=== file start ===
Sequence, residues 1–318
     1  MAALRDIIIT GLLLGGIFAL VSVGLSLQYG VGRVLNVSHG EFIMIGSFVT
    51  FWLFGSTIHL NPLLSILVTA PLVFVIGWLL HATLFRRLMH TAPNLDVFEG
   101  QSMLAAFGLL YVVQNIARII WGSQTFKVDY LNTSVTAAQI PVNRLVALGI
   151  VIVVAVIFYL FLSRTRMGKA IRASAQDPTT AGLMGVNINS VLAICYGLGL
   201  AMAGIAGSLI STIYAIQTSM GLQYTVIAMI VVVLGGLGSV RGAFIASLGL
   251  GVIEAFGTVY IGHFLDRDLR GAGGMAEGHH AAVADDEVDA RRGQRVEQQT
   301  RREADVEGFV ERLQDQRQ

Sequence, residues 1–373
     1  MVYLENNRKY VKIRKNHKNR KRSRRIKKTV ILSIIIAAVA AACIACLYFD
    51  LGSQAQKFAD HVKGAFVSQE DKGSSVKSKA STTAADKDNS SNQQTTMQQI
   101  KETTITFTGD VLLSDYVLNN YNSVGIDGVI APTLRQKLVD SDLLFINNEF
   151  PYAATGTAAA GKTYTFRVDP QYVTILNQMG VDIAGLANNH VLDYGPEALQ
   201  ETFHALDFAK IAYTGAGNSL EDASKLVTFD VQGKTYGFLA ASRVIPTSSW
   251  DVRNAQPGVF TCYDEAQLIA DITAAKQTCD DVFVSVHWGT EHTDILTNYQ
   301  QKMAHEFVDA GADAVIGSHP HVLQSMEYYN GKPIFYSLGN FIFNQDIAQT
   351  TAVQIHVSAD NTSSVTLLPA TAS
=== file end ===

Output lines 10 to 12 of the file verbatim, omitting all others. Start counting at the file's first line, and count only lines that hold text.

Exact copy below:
     1  MVYLENNRKY VKIRKNHKNR KRSRRIKKTV ILSIIIAAVA AACIACLYFD
    51  LGSQAQKFAD HVKGAFVSQE DKGSSVKSKA STTAADKDNS SNQQTTMQQI
   101  KETTITFTGD VLLSDYVLNN YNSVGIDGVI APTLRQKLVD SDLLFINNEF